Public Safety and Residence Life are on the lookout for suspects involved in two alleged hate incidents on campus over the past two weeks.
Randy Burba, chief of Public Safety, said a hate crime and a hate incident are two different things. A hate crime is a crime that is committed against someone because of hate that would affect the person. A hate incident is where someone might graffiti or say a more broad, derogatory term or phrase.
Burba said this amount of hate incidents is out of the ordinary.
“This is fairly rare. We have a really good community here,” Burba said. “I usually only see maybe a couple a year.”
The first incident occurred on the third floor of Sandhu Residence Hall Sept. 14. The comment was discovered directly next to room 324, by the room number sign, just after midnight by a Sandhu resident. A security camera captured the student leaving her room and returning 15 minutes later to find the word “pussy” written on the wall in permanent marker. The student reported the incident to her resident advisor, Desi Whale.
The same night, a resident found the word “faggot” graffitied on one of the main wall doors on the third floor of Sandhu, which houses the Arts Initiative Learning Living Community. The incident was reported to Residence Life.
The resident advisors and resident director of Sandhu declined to comment on the situation.
However, Morgan Lunsford, a sophomore dance major, and Makayla Corpus, a sophomore health science major, said their RA held a meeting Wednesday to try to find any possible suspects or information from the residents.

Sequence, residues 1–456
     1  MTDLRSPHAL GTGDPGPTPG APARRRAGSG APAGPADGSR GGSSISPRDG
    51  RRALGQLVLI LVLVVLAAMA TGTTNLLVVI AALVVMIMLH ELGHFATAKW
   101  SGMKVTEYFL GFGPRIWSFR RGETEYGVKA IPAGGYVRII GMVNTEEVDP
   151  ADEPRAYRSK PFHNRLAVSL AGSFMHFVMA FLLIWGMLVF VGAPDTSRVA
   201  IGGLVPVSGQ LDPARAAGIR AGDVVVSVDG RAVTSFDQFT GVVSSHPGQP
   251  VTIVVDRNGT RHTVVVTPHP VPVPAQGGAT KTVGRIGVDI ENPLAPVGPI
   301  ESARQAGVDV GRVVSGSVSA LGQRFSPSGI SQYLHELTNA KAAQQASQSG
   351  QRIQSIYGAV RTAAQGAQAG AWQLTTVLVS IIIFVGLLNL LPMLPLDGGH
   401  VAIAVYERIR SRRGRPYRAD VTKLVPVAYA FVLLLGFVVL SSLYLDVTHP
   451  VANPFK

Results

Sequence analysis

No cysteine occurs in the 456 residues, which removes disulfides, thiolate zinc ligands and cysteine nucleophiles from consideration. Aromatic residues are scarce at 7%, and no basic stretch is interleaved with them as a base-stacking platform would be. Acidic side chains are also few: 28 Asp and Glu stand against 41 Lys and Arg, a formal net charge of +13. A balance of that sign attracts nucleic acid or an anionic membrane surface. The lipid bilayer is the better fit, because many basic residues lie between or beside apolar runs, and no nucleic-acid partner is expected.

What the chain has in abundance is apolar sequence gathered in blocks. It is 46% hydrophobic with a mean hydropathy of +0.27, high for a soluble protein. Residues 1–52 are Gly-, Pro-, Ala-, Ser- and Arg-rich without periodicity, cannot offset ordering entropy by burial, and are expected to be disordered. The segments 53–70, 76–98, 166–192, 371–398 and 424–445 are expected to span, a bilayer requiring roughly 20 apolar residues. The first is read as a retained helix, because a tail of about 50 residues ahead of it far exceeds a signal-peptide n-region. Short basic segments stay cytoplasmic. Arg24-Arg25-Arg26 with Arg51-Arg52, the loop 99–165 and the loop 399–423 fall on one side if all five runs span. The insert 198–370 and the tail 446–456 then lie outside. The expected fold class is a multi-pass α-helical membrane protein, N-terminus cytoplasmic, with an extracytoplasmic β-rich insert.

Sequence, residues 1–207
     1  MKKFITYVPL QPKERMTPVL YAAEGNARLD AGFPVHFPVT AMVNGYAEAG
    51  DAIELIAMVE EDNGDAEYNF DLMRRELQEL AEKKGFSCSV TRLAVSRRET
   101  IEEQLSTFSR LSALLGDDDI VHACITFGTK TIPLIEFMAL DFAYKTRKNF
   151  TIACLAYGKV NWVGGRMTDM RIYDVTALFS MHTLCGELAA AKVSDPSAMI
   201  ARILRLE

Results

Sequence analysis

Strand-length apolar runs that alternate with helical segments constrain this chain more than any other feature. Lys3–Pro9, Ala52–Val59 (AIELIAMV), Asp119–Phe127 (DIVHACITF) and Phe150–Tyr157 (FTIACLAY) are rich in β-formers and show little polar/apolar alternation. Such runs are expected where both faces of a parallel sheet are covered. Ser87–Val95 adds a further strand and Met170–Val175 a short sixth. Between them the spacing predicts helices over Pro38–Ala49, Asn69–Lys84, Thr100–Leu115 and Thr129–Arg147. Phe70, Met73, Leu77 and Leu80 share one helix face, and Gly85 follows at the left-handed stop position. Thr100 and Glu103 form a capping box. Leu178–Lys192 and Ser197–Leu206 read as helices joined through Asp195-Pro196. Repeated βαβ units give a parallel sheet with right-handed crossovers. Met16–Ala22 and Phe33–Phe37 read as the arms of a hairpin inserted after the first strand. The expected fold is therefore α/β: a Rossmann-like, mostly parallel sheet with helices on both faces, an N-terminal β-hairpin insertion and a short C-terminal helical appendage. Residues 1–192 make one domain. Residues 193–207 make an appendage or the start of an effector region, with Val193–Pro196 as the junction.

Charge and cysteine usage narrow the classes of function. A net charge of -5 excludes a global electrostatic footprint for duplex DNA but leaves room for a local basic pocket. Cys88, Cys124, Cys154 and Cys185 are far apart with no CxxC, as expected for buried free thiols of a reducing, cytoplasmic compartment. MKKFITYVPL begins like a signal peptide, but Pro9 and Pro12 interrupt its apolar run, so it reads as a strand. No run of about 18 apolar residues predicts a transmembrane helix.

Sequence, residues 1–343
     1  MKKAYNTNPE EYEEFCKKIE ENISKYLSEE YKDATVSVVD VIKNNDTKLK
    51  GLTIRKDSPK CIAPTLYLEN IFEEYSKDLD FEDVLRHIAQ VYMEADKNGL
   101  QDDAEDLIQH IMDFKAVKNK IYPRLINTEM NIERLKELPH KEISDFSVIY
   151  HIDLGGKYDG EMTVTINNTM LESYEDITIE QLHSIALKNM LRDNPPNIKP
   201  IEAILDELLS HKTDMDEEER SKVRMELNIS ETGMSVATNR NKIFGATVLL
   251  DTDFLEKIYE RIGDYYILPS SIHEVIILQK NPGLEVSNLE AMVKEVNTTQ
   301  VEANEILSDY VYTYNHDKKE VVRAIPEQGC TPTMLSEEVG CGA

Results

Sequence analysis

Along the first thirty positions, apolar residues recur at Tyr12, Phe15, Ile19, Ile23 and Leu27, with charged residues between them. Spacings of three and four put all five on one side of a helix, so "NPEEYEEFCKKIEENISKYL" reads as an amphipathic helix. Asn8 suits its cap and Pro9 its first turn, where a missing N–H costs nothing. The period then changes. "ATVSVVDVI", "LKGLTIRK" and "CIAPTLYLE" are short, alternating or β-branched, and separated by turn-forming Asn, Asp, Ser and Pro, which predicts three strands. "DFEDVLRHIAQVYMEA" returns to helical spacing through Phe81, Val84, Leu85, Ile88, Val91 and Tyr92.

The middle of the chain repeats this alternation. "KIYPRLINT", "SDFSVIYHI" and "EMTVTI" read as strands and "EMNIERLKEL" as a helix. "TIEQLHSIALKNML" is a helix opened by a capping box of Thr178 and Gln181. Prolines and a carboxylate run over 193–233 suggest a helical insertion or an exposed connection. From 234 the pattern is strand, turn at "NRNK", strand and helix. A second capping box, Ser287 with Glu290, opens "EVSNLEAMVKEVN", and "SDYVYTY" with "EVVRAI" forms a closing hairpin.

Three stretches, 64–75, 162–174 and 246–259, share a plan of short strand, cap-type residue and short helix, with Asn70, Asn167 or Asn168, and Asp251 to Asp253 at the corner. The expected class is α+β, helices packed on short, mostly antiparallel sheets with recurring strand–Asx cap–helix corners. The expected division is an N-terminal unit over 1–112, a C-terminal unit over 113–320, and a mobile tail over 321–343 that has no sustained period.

“My RA was really worked [up] about it,” Lunsford said.
Corpus and Lunsford said they have not heard of any leads regarding who might have been responsible for the comments.
Burba said Public Safety was unaware of the incident.
“It was probably kept at an RA level,” Burba said. “This is probably considered a policy violation or hate incident, which would be handled within student affairs and student conduct.”
Harassing comments were not limited to the Residence Halls, however. According to the Public Safety crime log, a Chapman student posted criminal threats against a homosexual student on Facebook Thursday. However, Burba said the log was slightly inaccurate and that he remembered the incident differently.
“I only know that when I read the report, it was not directed at anyone in particular,” he said.
Lunsford said she was offended by the vandalism.
“I was offended that it was outside of my door, but mostly I think it is pretty childish,” Lunsford said regarding the first incident.
Public Safety has no suspects.